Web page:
10 Nov 17: kata kata - the katazome and chusen design brand / by Faye McNulty

Accompanied by Kyoko Bowskill


I travelled in the good company of Kyoko Bowskill (of Link Collective) to Seijo, out to the west of central Tokyo last Friday. By the No River was a series of Corbusier inspired 70s flat blocks gathered around a playground, and more importantly a few small commercial units. Here is where the brand Kata Kata have their shop and studio, among a friendly and unassuming community.


Kata Kata have been successfully creating katazome and chusen textiles since graduating from Tokyo Zokei university in 2004. I’ve followed the duo online for some time and was very keen to meet Matsuyama Takeshi and Takai Chie, as they are talented designers of playful bright textiles and are also skilled katazome practitioners. Katazome translates as ‘stencil dyeing’ and involves the careful cutting of washi paper, which is then lacquered with a fine mesh to create a usable design. Rice paste is then pushed through the stencil with a wooden tool – the closest comparison I could think of was a wallpaper scraper crossed with a spatula. This thick paste once dry acts as a resist, meaning subsequent dye painting is not absorbed into these areas.


Chusen is a completely new dye process to me, but is commonly used to produce Japanese tenugui – a thin cotton towel, which in recent years have become popular souvenirs. Essentially it is the same process as katazome, but designed to produce up to 20 prints rather than 1 at a time. Dye is poured onto the layers of fabric and thanks to temporary resist dams and vacuum compression means it can be controlled to an impressive consistency.


Resist methods are particularly of interest as the often used discharge print (a process of screen printing a bleaching agent to remove a dark base colour) is being phased out of UK university print rooms and is restricted from Chinese and American imports. There are suppliers who are developing lower chemical and fume content options, but the harsh bleaching chemicals for dye work are corrosive and harmful in large quantities to the maker. I’ve seen many university technicians look at resist print alternatives and wondered how viable it is as a process for designers and makers, as there is so little of the technique being practiced professionally in Europe. So, here is a country that still practices the process, and a successful designer maker brand using it.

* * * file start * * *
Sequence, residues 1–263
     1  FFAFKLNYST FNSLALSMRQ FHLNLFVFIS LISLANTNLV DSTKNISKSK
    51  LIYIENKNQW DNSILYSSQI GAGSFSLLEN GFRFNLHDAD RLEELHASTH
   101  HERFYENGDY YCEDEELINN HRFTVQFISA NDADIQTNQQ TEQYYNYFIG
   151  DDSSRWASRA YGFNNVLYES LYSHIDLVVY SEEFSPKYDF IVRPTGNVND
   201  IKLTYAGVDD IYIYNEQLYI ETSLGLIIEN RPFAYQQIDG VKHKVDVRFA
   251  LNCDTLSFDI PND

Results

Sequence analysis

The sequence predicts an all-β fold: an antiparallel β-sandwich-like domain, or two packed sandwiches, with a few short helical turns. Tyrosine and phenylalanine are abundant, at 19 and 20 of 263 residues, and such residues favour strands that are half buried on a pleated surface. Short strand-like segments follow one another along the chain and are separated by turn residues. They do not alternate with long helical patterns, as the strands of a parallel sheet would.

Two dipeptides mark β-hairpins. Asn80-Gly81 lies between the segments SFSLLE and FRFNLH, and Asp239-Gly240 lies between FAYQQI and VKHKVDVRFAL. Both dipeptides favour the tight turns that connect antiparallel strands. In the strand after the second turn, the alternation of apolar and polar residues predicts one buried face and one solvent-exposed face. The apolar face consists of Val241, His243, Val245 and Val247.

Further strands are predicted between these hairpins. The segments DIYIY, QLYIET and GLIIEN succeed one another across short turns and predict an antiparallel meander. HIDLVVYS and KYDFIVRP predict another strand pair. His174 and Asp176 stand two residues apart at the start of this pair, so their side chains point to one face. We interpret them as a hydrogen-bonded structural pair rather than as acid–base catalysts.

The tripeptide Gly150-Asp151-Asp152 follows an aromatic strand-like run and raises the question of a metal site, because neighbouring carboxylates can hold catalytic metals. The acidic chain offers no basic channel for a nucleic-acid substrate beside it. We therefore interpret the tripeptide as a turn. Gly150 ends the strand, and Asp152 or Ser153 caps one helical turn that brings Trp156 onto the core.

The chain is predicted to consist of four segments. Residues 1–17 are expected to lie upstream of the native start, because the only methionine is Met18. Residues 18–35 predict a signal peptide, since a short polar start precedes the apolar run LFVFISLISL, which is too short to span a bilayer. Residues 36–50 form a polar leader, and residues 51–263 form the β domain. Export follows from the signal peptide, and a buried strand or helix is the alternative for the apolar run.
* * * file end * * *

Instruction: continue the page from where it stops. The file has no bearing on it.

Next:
There is also the great element of inclusivity to katazome. Yes, the process takes skill and experience to execute as proficiently as kata kata but it requires very little specialist equipment and can be scaled up or down easily. There was one piece in particular which proved this point. After arriving in the shop and Kyoko kindly introducing me, they happily pulled out their stencils and fabrics to talk further about their process. They had created a stencil approximately 60 x 40cm as a tile repeat (meaning it was cropped to a rectangle shape, but side-by-side the image would look continuous) and showed me a bright red scarf with a perfectly joined repeat. When screen printing, I prefer to avoid a harsh cut through of a repeat, and opt for a jog-line (more like a jigsaw puzzle) repeat as line up can be problematic. I was impressed.


The materials they use are surprisingly plant-based. Although they use reactive dyes (a chemical dye universally used due to its vibrant colours and flexibility with the various fibres it works with) the resists are rice (japanese rice is apparently better, perhaps something to do with the starch content) and seaweed. The dyes are diluted and applied with raw soy milk due to its high protein, which I am contemplating helps fix the dye.


Matsuyama and Takai are smart when it comes to running their business, while talking to them about what they produce two things struck me. Their textile offerings are broad, using different textile processes including katazome, chusen, screen printing and digital print. This allows them to offer different textile widths, weights and price points and therefore catching a broad range of customers. Secondly, by collaborating with other makers or larger brands they can offer other products like ceramics and avoid taking on production cost, buying the products at wholesale and receiving royalties. They are also in the process of designing packaging for a major UK brand, which they let me sneak a look at.


As the conversation continued, it became clear that there are universal concerns for smaller design brands. Between myself, Kyoko, Takeshi and Chie we all agreed that there are problems with plagiarism from competitors of all sizes. It seems though, that there is very little support for Japanese designers’ copyrights despite the strongly enforced rights within manga and the music industry.


Meeting the charming duo behind Kata Kata was a fascinating continuation from visiting the furoshiki factory. Their success is fuelled by their love of the processes and understanding of how to run a business as independent designers. Their aesthetic is clear and well presented with very high level of craftsmanship and it was an honour to meet them.

Again, my thanks to the lovely Kyoko for the introduction and engaging conversation.